With that, she turned and walked off, leaving the kids to play their game. Ghosts… now that was something.
In Decibitus 10 days ago Forum: Casual Roleplay

In Decibitus 10 days ago Forum: Casual Roleplay
@PapiTan Now that I think about it, you definitely did, I just apparently can’t hold more than one thing in my brain! Whoops! Will classify them and then put them in the CHAR tab.
In Decibitus 10 days ago Forum: Casual Roleplay

@PapiTan Here are the updates!
In Decibitus 11 days ago Forum: Casual Roleplay

@PapiTan @ERode Here for your consideration!
You’re tempting me. Stop it!

… Do I need to resubmit or is Carmen good
👀 I’m thinking about it…

Location: Kobra Facility, New Mexico Interacting with: The Team

“Team, I'm pursuing one of the large ones. Mirage, on me! Everyone else, continue taking out the others.”

“On it!” Alisa said into her comms, watching Kass and Viktor out of the corner of her eye as they left the main room, following… whatever it was they were following. She had seen a few of the “large ones”, and they freaked her out. What was Kobra doing here to make those things? She continued working on her group of mercenaries and hulked-out teenagers, punching and kicking. They were starting to get nervous. They had stopped shooting at her and had instead resulted to hand to hand. Every so often, they got her down, but she just got up again and again.

Alisa was the aware of Zach’s smoke as it spread across the large space and heard his call over the comms.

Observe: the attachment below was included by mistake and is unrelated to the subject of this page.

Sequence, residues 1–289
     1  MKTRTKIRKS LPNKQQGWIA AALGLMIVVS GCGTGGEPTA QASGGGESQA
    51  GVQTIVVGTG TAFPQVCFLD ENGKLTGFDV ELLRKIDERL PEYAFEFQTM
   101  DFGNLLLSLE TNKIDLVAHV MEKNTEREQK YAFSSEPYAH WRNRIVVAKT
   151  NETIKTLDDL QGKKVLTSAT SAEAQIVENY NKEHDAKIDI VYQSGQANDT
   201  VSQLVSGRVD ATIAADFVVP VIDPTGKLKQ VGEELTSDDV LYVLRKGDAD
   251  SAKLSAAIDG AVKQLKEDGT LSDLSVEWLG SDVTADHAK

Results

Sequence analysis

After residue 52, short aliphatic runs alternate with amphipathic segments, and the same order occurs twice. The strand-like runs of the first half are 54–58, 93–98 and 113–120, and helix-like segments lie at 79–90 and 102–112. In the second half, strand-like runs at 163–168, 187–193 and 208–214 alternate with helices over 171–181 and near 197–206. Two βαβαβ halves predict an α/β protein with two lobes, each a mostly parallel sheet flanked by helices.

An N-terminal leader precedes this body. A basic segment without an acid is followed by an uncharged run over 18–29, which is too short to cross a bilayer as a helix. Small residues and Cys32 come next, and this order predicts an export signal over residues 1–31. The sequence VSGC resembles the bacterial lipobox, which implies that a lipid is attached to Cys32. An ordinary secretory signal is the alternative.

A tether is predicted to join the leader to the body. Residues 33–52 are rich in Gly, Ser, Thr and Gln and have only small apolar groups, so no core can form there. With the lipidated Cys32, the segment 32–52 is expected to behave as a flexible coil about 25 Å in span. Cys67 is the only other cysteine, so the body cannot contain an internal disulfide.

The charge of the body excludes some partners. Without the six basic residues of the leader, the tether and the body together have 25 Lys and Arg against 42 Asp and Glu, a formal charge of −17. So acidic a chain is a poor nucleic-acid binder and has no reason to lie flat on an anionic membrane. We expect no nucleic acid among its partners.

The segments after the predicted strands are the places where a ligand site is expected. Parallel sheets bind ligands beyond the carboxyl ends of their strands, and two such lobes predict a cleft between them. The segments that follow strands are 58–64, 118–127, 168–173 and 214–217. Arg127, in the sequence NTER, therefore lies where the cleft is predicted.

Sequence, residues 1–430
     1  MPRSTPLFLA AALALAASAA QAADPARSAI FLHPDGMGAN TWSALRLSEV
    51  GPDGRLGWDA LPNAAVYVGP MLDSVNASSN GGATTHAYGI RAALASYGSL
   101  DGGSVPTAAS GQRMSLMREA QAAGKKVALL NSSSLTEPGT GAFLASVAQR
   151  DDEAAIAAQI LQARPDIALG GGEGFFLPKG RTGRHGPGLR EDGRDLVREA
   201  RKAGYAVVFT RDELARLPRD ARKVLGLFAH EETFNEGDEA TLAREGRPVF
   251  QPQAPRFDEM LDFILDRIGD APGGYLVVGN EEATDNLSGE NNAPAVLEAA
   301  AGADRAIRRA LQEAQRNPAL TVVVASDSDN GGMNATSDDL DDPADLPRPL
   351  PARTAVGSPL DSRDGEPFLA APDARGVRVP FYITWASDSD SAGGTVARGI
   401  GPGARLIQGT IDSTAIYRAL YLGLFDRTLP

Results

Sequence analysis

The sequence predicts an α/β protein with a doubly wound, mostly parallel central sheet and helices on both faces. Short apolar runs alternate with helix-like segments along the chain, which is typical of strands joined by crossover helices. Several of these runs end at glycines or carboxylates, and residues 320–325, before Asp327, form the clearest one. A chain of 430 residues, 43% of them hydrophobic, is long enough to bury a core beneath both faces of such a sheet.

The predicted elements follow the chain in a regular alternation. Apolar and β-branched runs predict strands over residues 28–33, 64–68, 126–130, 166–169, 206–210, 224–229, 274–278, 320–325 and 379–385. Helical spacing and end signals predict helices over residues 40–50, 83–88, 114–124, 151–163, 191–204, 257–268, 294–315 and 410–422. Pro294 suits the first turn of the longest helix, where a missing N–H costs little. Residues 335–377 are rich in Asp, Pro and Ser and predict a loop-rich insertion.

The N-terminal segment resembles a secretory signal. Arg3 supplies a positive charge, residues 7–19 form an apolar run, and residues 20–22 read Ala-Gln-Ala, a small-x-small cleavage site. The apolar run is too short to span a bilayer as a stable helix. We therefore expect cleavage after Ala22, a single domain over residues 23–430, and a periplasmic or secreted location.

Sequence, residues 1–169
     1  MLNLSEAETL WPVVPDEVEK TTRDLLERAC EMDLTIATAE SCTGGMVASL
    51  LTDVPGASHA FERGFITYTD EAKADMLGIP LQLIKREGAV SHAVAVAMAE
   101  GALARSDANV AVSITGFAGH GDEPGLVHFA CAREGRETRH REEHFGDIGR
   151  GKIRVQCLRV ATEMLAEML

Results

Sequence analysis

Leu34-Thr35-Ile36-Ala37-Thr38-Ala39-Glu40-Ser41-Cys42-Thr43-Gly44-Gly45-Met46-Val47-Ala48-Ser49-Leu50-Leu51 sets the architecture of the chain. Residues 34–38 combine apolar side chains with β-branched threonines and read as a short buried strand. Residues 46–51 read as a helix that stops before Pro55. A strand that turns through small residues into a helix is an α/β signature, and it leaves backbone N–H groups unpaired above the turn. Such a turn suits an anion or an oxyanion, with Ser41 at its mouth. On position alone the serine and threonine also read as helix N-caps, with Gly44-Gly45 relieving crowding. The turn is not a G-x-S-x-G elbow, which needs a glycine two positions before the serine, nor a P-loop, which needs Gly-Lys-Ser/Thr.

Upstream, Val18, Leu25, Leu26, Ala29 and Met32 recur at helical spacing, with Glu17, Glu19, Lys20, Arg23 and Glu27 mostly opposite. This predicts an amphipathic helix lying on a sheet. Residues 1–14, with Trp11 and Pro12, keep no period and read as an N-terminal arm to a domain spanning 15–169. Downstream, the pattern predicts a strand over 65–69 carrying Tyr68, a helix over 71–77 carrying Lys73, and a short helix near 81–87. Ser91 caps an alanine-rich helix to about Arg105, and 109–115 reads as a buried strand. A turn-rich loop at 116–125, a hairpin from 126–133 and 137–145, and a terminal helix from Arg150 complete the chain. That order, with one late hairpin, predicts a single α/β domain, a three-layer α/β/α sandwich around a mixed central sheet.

“Hey guys… I know the rest of you are really good with this fighting stuff… but… uh… I’m not… Could someone get these losers off my back so I can focus on actually damaging these idiots?”

… Poor Zach. He really wasn’t good at this at all, was he? Alisa looked over to him, worried, seeing him surrounded. “Don’t worry! I’m coming!” With one last punch, she left the skirmish she was part of, making her way to Zach. She ripped one of the guys off of him, throwing him to the ground. “Hurry up, do something! I can cover your back, and Aleena is… wherever she is, I guess.” She glanced up. She really didn’t know where the other girl was, huh?

Si Wong Desert · In collaboration with [.@Abstract Proxy][.@KillamriX88]Si Wong Desert · In collaboration with @Abstract Proxy@KillamriX88

Chu Hua buried Kanna in the sand. When the truck stopped, the sandstorm gone and the skies clear and quiet, she had wordlessly stepped out of that gods-forsaken trunk, taken the first shovel she could find, and had started digging.